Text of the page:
After their show and some celebratory pizza I waved goodbye to Torches as they prepared to drive through the night to their final show on tour in Chicago. As we promised to see each other soon I realized that one of the reasons I love being involved in indie rock, for lack of a better term, is the friendships I’ve forged over the years. It still amazes me that I can meet people who live so far from me, with very different life experiences, and bond so quickly and complicity. The music gives us a venue to share our sources of creativity and inspiration and connect around some of the things that we hold most dear to our lives.

If you haven’t seen it yet, here’s the official video for Torches’ song “I Want Something”:

Thank you, all, for great week. Also, on a practical note, Torches are running an Indie Go Go campaign to raise money to record their new album. Check it out and give if you want to be part of seeing an inspiring, emerging band “make it.”

The Same Blue Skies

Want for this city and for this world now what I wanted then: peace, justice & understanding

It’s the perfect blue skies that always remind me of that morning eleven years ago now. The skies and the air feel the same and that’s always what takes me back.

Last year was the big 10th anniversary of September 11th 2001 that also marked my ten years in New York that inspired more lengthy reflections. My feelings about the political and emotional circumstances around this day have not changed much since last year and the same feeling are echoed even further back. I’m tired of war and tired of patriotism and ready for real critical reflection, justice and peace. Searching in my old files, I found this piece I wrote about September 11 in 2003:

“On that morning language failed… In those moments of not knowing, not being able to articulate what was going on on a massive scale, I knew that never again could I believe in a narrow idea of “truth.”  No singular narrative could ever capture that, or any experience.  Of course, since then I’ve witnessed many attempts to manipulate these diverse and disparate narratives into one master narrative.  A narrative that believes in an idea of “America” as benevolent while at the same time baying for vengeance…

Remembering September 11th is a reminder to me of how the damage done by violence of any kind is permanent.  Whether that violence is an act of war, abuse, police brutality, or not having food, housing or medical care, or is emotional, physical, sexual, or psychological.  These types and acts of violence are not the same, but the systems that perpetuate them are similar and inter-related…  Because it continues to haunt me I know I need to oppose domination and oppression, and the acts of violence that feed them, everywhere.  I feel I must do this in order for healing to be possible.  Healing is possible, even though the effects of violence stay with us.  I believe this because I feel everyone’s life needs to be about more than just survival.”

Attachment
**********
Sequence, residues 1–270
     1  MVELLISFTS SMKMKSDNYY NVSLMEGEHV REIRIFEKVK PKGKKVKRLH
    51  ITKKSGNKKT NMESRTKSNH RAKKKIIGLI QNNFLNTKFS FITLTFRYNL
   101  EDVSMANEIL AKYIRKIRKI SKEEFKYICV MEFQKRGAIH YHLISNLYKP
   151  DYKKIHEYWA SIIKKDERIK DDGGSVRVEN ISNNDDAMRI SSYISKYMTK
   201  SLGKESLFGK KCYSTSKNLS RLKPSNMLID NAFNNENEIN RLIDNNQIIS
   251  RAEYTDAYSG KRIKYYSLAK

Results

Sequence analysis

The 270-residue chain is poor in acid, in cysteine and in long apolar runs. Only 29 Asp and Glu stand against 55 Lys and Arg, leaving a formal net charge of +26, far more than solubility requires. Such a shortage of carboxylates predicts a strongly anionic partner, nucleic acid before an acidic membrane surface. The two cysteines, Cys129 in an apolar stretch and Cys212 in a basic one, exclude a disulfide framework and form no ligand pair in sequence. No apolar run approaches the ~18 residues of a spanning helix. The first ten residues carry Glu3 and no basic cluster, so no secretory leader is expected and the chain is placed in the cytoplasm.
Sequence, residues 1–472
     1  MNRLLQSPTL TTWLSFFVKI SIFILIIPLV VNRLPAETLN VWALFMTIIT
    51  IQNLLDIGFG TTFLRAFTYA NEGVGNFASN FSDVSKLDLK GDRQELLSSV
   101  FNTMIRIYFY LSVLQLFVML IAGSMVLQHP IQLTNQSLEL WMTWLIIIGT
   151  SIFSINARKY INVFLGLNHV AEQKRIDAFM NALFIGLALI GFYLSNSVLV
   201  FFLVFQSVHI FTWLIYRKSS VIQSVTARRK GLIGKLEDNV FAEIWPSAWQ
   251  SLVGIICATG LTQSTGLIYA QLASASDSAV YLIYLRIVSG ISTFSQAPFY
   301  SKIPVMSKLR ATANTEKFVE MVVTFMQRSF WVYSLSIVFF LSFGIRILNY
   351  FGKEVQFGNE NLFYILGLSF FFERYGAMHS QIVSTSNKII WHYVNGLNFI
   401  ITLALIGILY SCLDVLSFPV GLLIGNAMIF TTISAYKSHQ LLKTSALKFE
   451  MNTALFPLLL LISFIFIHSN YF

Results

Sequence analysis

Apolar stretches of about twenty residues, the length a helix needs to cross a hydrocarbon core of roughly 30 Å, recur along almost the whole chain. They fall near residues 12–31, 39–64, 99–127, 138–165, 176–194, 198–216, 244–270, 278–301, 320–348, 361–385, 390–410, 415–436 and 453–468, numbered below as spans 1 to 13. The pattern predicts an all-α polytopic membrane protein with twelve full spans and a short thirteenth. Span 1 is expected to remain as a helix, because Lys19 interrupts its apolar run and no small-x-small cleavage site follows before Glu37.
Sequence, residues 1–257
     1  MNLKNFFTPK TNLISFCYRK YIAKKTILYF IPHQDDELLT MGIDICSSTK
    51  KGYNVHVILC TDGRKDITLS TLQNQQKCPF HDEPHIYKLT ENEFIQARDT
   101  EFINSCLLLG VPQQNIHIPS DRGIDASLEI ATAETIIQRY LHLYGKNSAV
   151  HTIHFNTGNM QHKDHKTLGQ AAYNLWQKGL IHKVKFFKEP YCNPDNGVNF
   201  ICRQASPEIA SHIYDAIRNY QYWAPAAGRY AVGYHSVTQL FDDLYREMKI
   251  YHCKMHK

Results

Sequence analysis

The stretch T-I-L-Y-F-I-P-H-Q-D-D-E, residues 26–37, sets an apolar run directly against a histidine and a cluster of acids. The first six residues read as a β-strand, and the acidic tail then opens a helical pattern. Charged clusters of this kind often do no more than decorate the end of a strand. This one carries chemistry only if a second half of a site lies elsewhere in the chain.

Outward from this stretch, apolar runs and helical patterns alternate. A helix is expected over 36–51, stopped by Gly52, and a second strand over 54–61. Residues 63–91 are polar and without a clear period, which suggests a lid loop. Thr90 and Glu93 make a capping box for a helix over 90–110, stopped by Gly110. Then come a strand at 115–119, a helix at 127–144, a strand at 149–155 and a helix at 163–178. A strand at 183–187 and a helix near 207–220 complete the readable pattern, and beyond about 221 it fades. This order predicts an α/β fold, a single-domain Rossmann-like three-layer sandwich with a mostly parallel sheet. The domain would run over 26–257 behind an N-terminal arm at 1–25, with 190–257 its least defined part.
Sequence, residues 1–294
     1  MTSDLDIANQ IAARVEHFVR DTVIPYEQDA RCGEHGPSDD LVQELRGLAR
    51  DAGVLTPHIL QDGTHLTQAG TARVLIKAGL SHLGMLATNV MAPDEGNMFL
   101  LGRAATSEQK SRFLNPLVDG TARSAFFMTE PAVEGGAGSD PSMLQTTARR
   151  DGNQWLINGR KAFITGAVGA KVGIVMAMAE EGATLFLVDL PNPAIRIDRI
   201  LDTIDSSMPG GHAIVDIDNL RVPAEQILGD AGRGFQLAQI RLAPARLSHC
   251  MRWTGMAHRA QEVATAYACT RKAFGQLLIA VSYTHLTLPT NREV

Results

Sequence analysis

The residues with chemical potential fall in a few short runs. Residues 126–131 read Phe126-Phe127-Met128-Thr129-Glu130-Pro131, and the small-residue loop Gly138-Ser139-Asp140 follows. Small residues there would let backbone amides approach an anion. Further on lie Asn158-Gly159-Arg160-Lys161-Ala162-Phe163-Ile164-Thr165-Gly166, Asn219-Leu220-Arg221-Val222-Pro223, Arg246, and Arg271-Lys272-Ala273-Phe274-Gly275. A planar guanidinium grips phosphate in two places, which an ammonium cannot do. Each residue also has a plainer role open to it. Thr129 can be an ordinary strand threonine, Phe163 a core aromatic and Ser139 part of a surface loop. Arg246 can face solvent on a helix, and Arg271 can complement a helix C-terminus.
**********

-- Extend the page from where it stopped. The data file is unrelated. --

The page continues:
Reading this now I still stand behind the politics and emotions expressed in that piece. However, I think, I have found a way to heal by slowly, deliberately and stubbornly building a life in this city. I have worked hard to find health and creativity and to inspire that in others. I still struggle with how best I can help contribute to a city that’s a just and beautiful place to live for all and how I can support and engage my own creativity, but I feel my small daily contributions and actions strive towards these ideals.

My life, and New York City, is obviously so different than it was eleven years ago. I had no idea how to picture myself at 31 at that time. Being an adult seemed impossibly far away with such a looming and intense event in the foreground. Looking back today I can say that the 20 year old me who witnessed those tragic events from my 6th floor dorm room in Union Square would be pleased with the 31 year old I have become looking at two towers of light rising into the sky in remembrance and tribute from Brooklyn.

Anchors Away!

“You can live however you want in New York City,” an artist/mentor once told me when I was a teenager. She was right. I’ve lived in New York for over ten years and I keep discovering what kinds of experiences are possible in this city.

Polo shirt: bought at Find vintage in Portland, Maine, Shorts and sunglasses: Asos, Shoes: Cole Hann (from about 5 years ago!), vintage scarf